While participants write with friends or classmates, writing with these two groups is not valued nearly as much as writing alone.
When compared with all of the other types of collaborators, the fewest number of participants worked with writing center consultants while writing their most frequent and valued genres. Among those participants who report working with writing center consultants, they list it as their least used collaboration. Further, participants identified collaborating with writing center consultants as least valued (second only to “Other”).
Figure 6: Percentage of students who associate each collaborator with their most frequently written and valued genres.
38% of participants report collaborating with work colleagues to write at least one of their most frequent of valued genres. While 33% associate work colleagues with one of their most often written genres, only 12% of participants associate it with a most valued genre.
In this study, we constructed a purposive, stratified sample in an attempt to match the demographic profile of US college students (those enrolled in both four-year and twoyear institutions in 2010). We identified institutions for recruitment that had enabled us to construct a reasonable sample of US institutions of higher education. With regard to data analysis, in order to arrive at the findings in this report, two similar tests were utilized. Fisher’s Exact Test was used to determine relationships between variables when possible (i.e. when results formed a 2x2 contingency table). Chi-square tests were used in all other situations. Results were considered significant at the .05 level. Our sampling resulted in the following profile:
To further assess our sample, we compared the demographic data of those completing our survey with both the 1999-2000 and the 2003-2004 “National Postsecondary Student Aid Study: Profile of Undergraduates in U.S. Postsecondary Education Institutions” report issued by the U.S. National Center for Education Statistics (NCES).
The 2003-2004 version of the NCES report included a special focus on two-year institutions, and so in its 2004 report of demographic data the center breaks out community colleges and 4-year institutions. The table below shows how our sample compares with the NCES numbers:
Figure 7: Race and ethnicity breakdown for Revisualizing Composition and two National Center for Education Statistics Studies.
As Figure 6 shows, we likely oversampled Hispanic students and, to a lesser degree, Asian students. We under sampled African American students. That our sample includes a slightly higher percentage of non-white participants than the NCES demographic profile of college students reflects a concerted effort on our part to construct a diverse student profile. The participation of the University of Texas, El Paso and Leeward Community College, respectively, contributed in large measure to the numbers in all of the minority population categories above with the exception of African American students. For future surveys, we should focus more carefully on ways to sample African American students at a level consistent with their numbers in the overall demographic profile (12-15%).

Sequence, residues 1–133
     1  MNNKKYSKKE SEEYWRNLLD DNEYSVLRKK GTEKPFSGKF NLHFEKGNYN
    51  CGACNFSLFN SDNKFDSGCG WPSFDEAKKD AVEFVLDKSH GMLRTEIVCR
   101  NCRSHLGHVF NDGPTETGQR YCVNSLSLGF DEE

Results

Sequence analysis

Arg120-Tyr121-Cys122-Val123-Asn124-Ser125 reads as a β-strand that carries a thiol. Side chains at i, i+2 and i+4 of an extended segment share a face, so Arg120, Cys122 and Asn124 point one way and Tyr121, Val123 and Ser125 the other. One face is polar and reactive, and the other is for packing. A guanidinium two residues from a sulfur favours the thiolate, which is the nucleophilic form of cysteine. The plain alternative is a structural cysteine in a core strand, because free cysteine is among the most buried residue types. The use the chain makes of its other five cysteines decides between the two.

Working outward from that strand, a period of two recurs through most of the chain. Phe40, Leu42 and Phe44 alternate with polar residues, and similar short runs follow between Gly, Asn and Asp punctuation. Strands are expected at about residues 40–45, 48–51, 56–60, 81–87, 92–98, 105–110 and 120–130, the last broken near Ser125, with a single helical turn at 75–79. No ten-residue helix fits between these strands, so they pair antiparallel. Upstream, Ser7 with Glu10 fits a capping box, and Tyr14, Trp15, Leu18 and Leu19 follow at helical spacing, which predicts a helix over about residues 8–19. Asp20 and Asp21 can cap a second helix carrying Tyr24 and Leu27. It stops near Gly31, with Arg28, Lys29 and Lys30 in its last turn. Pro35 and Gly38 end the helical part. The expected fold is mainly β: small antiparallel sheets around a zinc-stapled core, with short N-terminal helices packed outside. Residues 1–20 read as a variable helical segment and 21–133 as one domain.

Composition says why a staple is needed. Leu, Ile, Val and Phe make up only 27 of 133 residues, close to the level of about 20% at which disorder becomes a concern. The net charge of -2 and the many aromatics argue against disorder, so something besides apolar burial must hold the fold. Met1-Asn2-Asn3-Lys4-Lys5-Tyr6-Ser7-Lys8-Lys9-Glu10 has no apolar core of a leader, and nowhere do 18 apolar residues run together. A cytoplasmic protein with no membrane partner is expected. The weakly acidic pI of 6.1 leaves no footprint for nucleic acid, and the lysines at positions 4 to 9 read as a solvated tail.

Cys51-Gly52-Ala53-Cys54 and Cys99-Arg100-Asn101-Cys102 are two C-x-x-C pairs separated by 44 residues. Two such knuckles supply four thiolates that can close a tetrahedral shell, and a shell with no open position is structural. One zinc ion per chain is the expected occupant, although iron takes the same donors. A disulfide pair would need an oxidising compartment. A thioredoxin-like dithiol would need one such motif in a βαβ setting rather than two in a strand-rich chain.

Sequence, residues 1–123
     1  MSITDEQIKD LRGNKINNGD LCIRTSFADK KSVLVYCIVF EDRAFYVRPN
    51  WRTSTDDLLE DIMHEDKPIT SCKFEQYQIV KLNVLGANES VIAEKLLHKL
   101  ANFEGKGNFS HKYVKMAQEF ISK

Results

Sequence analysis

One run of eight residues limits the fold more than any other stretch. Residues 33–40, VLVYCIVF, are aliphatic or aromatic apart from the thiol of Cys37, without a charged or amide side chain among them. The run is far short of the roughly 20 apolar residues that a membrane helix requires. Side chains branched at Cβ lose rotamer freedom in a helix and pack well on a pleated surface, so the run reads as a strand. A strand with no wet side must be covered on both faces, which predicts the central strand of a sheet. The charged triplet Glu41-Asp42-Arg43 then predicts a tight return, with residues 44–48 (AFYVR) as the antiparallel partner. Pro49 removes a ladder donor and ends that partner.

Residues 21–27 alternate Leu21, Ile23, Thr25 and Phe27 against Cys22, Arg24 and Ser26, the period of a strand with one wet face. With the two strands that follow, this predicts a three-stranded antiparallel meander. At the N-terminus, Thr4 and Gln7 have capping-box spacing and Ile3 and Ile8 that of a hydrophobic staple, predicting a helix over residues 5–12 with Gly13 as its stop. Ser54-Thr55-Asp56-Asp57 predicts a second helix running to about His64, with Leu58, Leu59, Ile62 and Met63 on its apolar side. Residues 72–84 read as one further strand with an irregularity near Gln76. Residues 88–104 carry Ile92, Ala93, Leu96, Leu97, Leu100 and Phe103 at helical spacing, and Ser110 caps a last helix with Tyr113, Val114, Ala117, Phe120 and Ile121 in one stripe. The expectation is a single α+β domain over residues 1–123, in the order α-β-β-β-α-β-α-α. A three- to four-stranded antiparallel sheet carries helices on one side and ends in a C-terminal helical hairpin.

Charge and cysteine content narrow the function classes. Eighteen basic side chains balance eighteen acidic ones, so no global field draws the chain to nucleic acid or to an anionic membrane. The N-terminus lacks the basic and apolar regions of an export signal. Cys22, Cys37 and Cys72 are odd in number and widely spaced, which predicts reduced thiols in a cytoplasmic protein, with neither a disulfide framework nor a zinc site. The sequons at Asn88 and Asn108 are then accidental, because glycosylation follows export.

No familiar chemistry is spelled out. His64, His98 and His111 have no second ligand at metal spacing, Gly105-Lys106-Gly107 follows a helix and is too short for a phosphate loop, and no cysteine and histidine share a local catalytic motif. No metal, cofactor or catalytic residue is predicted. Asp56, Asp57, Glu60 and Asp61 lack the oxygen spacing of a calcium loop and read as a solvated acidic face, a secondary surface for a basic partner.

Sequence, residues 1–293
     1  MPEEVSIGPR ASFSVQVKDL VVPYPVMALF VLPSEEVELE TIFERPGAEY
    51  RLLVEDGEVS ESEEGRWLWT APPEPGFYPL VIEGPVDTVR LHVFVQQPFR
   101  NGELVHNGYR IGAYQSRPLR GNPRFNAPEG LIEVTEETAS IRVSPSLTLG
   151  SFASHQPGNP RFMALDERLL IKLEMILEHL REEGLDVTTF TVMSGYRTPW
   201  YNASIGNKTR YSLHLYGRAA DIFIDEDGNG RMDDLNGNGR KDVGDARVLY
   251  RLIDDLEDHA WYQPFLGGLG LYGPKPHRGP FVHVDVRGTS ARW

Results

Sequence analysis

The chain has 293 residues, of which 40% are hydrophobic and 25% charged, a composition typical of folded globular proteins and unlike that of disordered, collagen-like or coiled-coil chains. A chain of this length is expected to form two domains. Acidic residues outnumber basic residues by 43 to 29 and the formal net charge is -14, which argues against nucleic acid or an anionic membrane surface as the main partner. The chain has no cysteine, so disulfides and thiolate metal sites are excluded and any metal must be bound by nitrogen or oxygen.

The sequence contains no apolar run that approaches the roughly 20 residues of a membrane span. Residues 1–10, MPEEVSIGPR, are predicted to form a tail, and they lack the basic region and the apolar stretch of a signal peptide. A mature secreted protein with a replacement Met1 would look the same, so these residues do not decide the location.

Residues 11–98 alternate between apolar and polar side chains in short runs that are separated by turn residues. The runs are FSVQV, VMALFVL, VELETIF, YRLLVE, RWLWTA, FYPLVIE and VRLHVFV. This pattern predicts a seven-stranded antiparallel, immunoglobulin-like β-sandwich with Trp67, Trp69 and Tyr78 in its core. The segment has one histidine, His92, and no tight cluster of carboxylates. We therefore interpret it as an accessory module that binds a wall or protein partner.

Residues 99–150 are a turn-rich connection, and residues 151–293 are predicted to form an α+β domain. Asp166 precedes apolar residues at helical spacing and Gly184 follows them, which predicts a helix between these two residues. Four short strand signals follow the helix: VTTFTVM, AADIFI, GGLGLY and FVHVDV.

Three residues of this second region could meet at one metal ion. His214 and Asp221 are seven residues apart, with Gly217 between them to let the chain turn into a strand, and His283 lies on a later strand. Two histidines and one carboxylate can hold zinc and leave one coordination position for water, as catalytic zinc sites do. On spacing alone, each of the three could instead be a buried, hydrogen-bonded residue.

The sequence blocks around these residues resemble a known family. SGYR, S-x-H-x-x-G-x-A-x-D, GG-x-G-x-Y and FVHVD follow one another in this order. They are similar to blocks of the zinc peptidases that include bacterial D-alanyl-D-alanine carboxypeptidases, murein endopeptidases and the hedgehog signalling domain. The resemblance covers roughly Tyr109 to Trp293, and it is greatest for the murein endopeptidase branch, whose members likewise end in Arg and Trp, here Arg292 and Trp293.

Distribution methods varied by institution based on local IRB recommendations. The survey was distributed via email to all students in first-year composition classes at Michigan State University, University of Texas, El Paso, and Leeward Community College. At Lansing Community College and the University of North Carolina, Pembroke, writing program faculty who teach first-year composition were contacted via email with the online survey link and distributed the survey link to students enrolled in their courses, some of which included first-year business and technical writing classes. At IPFW, the survey was distributed to all students enrolled in any writing course during the spring of 2010, including advanced writing and technical writing students, and a majority of students enrolled in first-year and intermediate composition courses. At Elon University, the survey was sent via email to all first-year students who matriculated in 2009 and were still enrolled in Spring 2010.